Oral provenance

Given the contemporary nature of digital art, most creators are still alive and can therefore provide oral histories of their work. This fact helps appraisers and collectors verify information and provides a buffer against digital art theft, explained Zavalev.

“You can just call this artist and say, ‘Did you produce this artwork at this time? And is this your artwork?’ I think that’s the beauty of working with the living artists.”

Appraisers themselves also, in some ways, act as a living ledger. However, Quancard adds that one appraiser cannot individually hold enough information in their brain to accurately keep track of the “massive amount of works that have been produced.”

Why is provenance such a big deal?

Each of the artists included in this article acknowledged that provenance is important, though historically, it has been more of a concern among collectors, appraisers, and institutions than for the artists themselves. But today, blockchain has changed the narrative around provenance in both exciting and questionable ways.

“For me, the provenance of an artwork was the story behind it,” said Stern. “But now it’s about who owned it, who transferred it. […] People, when they mean provenance, mean buying [the art] on chain and tracking every transfer.”

The question is, who does provenance benefit? Artists or speculators? And does the data recorded on the blockchain satisfy traditional guidelines for appraising an artwork’s value?

“There’s been nothing like that ever before in the history of artwork, period.”

Regina Harsanyi

Quancard argues that, while helpful, the blockchain’s data is incomplete. For one thing, traditional appraisals take into account if an artwork was ever owned by a notable figure. In Web3, many NFT collectors prefer to stay anonymous, and just because the public can track the activity of crypto wallet’s art purchases does not mean we know the identity of the collector behind it.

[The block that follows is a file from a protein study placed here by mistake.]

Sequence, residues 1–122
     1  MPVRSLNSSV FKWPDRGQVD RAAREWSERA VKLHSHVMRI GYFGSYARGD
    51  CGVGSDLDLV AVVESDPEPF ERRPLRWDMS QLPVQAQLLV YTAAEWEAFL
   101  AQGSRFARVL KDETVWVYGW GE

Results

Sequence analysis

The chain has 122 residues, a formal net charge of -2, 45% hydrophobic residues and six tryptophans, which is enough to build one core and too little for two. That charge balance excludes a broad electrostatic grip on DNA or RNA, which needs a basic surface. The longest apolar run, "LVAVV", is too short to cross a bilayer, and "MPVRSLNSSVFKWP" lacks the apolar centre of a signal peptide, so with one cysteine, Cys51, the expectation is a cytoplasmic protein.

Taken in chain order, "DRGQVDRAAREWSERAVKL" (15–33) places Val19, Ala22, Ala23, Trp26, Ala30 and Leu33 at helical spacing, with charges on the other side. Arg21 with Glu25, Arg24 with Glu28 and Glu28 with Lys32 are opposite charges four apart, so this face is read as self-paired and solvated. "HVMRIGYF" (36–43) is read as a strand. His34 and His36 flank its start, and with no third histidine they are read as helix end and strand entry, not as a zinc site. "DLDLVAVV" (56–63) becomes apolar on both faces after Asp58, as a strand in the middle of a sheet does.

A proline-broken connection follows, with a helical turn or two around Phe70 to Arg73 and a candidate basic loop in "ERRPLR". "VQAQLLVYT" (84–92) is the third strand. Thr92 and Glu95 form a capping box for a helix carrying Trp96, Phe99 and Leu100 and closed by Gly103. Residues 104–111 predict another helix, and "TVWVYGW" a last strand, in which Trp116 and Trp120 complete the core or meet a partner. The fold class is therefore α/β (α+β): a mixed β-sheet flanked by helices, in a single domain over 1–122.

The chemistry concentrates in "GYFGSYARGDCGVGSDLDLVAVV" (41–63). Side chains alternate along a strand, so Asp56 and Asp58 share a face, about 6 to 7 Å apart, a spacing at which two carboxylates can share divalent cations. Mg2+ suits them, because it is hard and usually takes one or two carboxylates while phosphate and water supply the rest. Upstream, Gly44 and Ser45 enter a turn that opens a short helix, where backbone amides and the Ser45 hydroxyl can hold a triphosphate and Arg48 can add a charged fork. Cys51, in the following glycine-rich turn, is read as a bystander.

In addition, formal appraisals must take into account guidelines from the Internal Revenue Service, insurance companies, and professional standards such as the Uniform Standards of Professional Appraisal Practice. It’s impossible to gain an accurate understanding of an NFT’s valuation by looking at blockchain metrics alone.

“Appraising is based on a methodology,” said Quancard. “Provenance is a big part of that,” she added but cautioned collectors against assuming that financial metrics like floor price and trading volume provide enough information.

Interestingly, the culture of speculation among NFT collectors has also increased the speed and frequency of digital art sales to never-before-seen levels, added Harsanyi. Spurred by the most recent crypto bull run, speculation has run wild in the past two years, resulting in an environment of constant trading. Digital art used to be relatively niche, Harsanyi explained — if a notable artist sold a work, it wouldn’t sell again for years or even decades. 

“Now, the same work sells, like, 20 times within a two-year period,” Harsanyi said. There’s been nothing like that ever before in the history of artwork, period.”

The post From Birth to Blockchain: The Evolution, and Future of Digital Provenance appeared first on nft now.